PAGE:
“Cassie” Canvasback’s Return

If you followed me last year, you may recall my posts (highlighted below) on a female Canvasback that I named “Cassie”.  She had not migrated back to Canada last Spring, so I took a special interest in her and learned her left wing was damaged.  Cassie wasn’t able to fly back home to breed.

     She Is A Survivor  (first post May 30, 2018)

Cassie hung around Cambridge Creek throughout the summer and was a delight and inspiration to me.  I adored her, but as comes with getting attached, I worried about her survival too.  Yet, she continued to prove she could take care of herself.  Even if she could not fly, nor dive for food.

     Cassie Canvasback – Remember Me?  (second post August 2, 2018)

After the second post, I captured her a few more times.  Here is one of the last photogenic shots of her back then hanging at our end of the creek.

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“Cassie” Canvasback – August 10, 2018


I sighted her a few times after that, but it was at a distance down the creek.  Those sightings became less and less.  By the end of September, I didn’t see her any more.  The wintering Canvasbacks weren’t due here until December.  What had happened to her?  I worried and continued to watch for her.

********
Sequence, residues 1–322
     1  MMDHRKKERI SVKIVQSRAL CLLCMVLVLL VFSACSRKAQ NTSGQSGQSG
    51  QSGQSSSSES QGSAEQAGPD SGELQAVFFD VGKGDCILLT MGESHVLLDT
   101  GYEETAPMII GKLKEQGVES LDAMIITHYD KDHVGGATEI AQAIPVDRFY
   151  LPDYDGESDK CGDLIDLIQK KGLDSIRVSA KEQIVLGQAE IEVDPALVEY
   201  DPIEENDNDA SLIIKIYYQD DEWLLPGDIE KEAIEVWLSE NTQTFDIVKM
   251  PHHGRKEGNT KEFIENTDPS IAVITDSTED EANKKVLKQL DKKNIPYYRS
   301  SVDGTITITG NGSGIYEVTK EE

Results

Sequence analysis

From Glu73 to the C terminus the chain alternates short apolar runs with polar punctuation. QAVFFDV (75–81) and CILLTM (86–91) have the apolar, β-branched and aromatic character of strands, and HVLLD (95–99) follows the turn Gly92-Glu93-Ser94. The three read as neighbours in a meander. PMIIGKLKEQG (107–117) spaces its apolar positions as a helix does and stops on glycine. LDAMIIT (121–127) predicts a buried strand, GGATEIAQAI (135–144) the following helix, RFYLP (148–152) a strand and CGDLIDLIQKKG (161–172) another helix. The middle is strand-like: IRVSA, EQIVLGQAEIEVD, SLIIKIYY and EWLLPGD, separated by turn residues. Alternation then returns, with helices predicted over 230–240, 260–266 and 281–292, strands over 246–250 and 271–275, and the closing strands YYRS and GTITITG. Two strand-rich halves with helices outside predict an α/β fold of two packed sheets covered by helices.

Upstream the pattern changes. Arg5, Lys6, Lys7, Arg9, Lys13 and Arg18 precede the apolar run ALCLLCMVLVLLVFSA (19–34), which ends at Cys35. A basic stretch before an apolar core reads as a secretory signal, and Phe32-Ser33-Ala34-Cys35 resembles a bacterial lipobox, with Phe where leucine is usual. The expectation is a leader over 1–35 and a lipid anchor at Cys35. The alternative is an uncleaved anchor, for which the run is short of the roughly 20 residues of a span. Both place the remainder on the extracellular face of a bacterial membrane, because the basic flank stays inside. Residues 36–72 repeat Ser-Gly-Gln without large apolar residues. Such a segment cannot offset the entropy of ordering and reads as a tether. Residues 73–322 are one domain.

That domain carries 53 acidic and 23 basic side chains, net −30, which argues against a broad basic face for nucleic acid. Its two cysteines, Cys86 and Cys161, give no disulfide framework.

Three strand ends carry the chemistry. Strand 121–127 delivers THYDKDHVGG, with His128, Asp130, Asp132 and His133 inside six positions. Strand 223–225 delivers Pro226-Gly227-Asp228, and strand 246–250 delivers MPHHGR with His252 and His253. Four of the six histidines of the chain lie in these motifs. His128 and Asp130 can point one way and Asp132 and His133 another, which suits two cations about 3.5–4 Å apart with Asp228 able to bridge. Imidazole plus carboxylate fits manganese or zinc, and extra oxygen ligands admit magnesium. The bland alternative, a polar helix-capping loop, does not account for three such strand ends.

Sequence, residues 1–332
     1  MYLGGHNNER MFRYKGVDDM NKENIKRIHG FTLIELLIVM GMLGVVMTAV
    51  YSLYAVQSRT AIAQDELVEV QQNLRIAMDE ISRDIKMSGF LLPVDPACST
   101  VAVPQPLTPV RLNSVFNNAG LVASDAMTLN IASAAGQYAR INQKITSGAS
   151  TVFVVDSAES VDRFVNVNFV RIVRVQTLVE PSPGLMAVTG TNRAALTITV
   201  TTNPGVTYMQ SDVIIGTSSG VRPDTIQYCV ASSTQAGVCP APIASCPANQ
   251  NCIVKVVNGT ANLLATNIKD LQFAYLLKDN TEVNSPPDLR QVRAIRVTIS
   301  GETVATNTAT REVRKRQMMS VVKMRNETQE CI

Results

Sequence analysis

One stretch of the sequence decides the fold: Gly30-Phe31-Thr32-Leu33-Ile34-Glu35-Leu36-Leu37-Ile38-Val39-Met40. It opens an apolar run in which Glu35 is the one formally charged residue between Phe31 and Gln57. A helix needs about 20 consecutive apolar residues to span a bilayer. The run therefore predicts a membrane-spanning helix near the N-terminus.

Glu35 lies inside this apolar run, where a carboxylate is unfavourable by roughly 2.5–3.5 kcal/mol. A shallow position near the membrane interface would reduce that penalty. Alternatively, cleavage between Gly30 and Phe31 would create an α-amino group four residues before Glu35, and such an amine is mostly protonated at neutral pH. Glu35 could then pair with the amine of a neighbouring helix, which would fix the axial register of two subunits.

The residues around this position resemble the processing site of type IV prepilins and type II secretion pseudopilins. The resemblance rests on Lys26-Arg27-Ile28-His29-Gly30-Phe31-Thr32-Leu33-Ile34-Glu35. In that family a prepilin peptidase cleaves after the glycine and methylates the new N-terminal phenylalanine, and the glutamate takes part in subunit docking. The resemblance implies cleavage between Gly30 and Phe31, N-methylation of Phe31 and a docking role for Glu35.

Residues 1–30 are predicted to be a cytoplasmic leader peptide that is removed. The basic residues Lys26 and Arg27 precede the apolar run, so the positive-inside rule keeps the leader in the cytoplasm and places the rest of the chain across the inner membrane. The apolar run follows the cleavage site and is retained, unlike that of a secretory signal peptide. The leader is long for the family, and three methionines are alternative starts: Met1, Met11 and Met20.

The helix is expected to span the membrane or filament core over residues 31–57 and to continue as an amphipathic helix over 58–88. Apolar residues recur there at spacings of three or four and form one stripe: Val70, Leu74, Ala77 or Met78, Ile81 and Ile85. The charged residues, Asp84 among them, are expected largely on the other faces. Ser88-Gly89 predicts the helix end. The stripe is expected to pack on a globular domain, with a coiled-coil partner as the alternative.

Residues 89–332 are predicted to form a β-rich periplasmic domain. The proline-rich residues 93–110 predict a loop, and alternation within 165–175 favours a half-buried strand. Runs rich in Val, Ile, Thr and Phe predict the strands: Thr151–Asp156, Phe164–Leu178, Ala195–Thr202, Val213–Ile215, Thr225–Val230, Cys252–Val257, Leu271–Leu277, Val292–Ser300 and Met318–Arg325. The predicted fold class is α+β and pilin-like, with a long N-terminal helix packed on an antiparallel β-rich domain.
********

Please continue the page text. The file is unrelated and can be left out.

On the afternoon of December 21st, I stepped out on my balcony to check for wildlife on the creek.  Lo and behold, there was a female Canvasback below me.  Cassie was back and pretty as ever!

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“Cassie” Canvasback – December 21, 2018


How did I know it was her?  It’s as if she read my mind.  Cassie flashed her wings for me shortly thereafter.

         “Cassie” Canvasback                                    See damage to her left wing in this photo?


I could tell many of her feathers had grown back on her left wing.  How wonderful!  Is she able to fly now?  I don’t know that yet; I hope if she can, she will fly in or out of the creek one day to show me.

What about diving for food, can she do that now?  She couldn’t before and had to forage piers, boats, and bulkheads for food.

Two days later, Cassie showed off her redeveloped diving skills.  I was delighted for her!

Cassie showing me her diving skills


Did you miss that?  Here, Cassie will do it again for you.

Cassie doing the dive


More from the past several weeks of beautiful “Cassie”.

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“Reflecting Cassie”


Even ducks have itches!


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“On the Move”


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“Nap Time”


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“Making Water Rings”


We iced over here at the top end of Cambridge Creek; and, of course, all the birds disappeared but the gulls.  The ice has since melted, and I saw Cassie yesterday.

Even though hundreds of Canvasbacks are not too far from the creek’s entrance off the Choptank River, and maybe that is where Cassie has been “hiding”, how nice that she returned to Cambridge Creek that offered her a home to keep her healthy and safe as she healed through her wing injury the past year.

Welcome back, Cassie!



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